Rab Noakes and Brooks Williams – Should We Tell Him: Album Review

Two of our finest singer-songwriters channel the lesser-known works of Don Everly.  Rab Noakes’s final studio recordings 

Release Date:  25th August 2023

Label: Red Guitar Blue Music

Formats: CD, Download, Streaming  

Now – here’s an album with a lot to offer.  Firstly, it’s the latest in the series of collaborative efforts involving Statesboro, Georgia – via Cambridge UK – singer-songwriter, Brooks Williams.  It follows his hotly-recommended link-ups with virtuoso violinist Aaron Catlow – Ghost Owl (2021) and Ready For The Times (2022) and with banjo maestro Dan Walsh for last Autumn’s Fortune By Design.  Secondly, Should We Tell Him is a long-awaited – some would say ‘long overdue’ – collaboration between Brooks and Scottish legend Rab Noakes, a man for whom Brooks has long held a massive admiration.  And finally, it’s a collection of some of the lesser-known songs from the pen of the great Don Everly; songs that are treated with love and respect and are given new life by the vocal talents of Rab and Brooks and the invigorating instrumental skills of a small, hand-picked, bunch of supporting musicians.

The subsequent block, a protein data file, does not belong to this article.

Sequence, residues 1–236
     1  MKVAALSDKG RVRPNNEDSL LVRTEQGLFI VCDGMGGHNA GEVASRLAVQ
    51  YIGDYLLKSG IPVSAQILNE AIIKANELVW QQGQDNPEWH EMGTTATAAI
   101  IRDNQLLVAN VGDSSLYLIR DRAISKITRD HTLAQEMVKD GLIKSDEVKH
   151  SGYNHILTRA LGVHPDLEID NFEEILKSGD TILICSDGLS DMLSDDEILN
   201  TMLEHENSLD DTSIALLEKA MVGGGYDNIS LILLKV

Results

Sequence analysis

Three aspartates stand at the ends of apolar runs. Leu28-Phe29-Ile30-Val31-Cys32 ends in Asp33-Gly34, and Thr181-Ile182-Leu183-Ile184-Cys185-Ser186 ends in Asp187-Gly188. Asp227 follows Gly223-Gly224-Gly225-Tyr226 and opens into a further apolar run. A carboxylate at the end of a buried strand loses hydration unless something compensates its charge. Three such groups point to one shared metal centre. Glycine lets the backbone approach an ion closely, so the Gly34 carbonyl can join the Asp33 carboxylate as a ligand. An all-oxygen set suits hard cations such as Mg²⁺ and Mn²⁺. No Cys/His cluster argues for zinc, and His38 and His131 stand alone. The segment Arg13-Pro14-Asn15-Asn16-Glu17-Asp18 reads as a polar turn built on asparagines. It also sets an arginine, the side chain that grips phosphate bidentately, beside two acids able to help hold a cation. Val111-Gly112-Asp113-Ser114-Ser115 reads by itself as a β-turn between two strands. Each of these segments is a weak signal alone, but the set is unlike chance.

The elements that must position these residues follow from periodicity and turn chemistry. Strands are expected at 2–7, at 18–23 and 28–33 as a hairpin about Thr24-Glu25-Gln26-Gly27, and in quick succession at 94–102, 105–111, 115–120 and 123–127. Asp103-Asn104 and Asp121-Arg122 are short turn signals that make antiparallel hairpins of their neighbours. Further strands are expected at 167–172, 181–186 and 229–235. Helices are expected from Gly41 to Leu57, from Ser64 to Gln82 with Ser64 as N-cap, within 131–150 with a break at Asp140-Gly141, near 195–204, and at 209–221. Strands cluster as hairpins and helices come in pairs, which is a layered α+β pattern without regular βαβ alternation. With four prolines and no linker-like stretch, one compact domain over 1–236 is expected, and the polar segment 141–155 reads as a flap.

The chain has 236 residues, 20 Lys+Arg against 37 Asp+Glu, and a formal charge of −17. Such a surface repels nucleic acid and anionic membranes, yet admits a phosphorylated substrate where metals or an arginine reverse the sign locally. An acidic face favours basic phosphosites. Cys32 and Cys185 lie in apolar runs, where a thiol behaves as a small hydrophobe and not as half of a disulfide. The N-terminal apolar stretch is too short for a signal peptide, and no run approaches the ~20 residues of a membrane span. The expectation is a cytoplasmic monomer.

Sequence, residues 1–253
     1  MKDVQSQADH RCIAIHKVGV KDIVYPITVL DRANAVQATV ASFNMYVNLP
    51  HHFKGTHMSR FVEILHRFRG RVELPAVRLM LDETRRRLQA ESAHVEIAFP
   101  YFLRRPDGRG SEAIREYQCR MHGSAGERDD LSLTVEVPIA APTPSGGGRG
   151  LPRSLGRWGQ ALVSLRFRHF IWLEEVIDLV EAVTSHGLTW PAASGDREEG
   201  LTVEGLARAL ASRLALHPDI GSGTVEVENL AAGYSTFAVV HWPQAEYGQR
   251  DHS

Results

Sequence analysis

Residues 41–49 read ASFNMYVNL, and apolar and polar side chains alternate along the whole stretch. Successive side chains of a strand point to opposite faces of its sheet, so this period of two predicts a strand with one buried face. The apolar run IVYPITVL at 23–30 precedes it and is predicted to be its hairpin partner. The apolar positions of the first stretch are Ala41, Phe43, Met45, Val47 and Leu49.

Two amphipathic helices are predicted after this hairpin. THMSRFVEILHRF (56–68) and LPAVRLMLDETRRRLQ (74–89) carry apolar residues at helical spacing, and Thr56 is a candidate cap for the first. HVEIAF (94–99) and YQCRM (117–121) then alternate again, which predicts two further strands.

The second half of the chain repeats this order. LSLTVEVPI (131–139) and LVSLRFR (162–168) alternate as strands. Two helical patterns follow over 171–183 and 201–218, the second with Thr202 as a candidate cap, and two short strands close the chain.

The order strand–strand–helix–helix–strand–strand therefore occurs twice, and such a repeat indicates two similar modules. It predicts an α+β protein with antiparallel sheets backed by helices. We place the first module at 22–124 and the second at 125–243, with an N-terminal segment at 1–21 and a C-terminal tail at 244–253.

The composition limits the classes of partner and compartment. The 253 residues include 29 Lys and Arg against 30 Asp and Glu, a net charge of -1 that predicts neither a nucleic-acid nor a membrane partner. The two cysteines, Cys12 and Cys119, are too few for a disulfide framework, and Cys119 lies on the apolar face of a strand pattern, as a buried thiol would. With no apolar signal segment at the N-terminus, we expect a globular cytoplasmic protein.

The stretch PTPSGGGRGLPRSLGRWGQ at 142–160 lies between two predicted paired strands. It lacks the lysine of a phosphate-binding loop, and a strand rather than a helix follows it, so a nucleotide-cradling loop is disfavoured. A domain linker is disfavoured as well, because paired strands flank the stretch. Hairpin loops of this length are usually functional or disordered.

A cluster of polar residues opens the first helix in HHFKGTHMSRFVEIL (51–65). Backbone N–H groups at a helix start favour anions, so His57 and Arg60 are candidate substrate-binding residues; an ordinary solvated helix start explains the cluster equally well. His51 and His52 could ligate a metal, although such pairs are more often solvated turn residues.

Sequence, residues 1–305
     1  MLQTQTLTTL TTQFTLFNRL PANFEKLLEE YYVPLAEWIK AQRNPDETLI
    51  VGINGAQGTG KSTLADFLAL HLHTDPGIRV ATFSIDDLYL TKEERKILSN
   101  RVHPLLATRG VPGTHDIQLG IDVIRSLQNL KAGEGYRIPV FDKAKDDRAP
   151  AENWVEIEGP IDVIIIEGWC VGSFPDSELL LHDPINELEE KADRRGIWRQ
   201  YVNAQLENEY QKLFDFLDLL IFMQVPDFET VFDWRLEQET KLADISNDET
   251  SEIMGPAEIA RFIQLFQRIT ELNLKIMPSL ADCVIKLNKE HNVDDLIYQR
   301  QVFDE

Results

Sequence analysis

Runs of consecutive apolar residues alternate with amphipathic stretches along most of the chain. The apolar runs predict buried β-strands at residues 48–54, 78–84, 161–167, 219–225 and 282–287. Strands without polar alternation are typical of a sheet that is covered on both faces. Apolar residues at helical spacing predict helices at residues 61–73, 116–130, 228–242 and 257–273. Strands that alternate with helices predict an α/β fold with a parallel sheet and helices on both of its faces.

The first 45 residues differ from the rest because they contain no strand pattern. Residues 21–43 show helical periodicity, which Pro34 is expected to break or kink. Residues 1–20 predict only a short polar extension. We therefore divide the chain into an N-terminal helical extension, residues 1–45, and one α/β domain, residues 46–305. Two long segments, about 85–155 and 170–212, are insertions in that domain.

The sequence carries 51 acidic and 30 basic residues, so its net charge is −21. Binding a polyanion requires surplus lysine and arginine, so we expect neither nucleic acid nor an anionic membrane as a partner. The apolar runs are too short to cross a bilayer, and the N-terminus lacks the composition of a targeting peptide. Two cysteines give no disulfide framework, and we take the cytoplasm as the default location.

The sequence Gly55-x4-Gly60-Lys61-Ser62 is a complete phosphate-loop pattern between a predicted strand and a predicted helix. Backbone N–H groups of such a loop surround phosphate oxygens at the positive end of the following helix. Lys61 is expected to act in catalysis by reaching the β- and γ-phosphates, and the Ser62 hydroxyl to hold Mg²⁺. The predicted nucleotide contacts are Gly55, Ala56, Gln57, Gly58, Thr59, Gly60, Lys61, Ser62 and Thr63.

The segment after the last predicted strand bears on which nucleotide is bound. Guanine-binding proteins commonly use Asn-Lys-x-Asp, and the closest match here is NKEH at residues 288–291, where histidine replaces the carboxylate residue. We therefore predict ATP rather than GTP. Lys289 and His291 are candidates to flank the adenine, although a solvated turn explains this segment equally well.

Brooks Williams is, of course, a regular presence on the pages of At The Barrier.  He has a knack of attracting high-profile collaborators and, as well as the partners already mentioned, he’s also worked with the likes of Boo Hewardine, Jim Henry and Steve Tilston.  

Rab Noakes is nothing less than a Scottish institution.  He was a stalwart of the Scottish folk scene from the late 1960s until his sad passing in late 2022 (shortly after the completion of the recording this album).  A founder-member of Stealers Wheel, he wrote for, performed with and inspired Lindisfarne and he has over 20 albums to his name in a career that started with his debut release, Do You See The Lights, back in 1970.  

As a Rab Noakes devotee, Brooks Williams regularly featured Rab’s songs in his live repertoire, but it wasn’t until 2018 that the pair finally got together, when Brooks invited Rab to sing on his album, Lucky Star.  It was during the sessions for that album that the pair discovered a mutual liking for the songs of The Everly Brothers and, particularly, for that duo’s more obscure offerings.  The seeds and the plans to record Should We Tell Him were sown then, but it took rather longer – five years, in fact – for those green shoots to reach full maturity.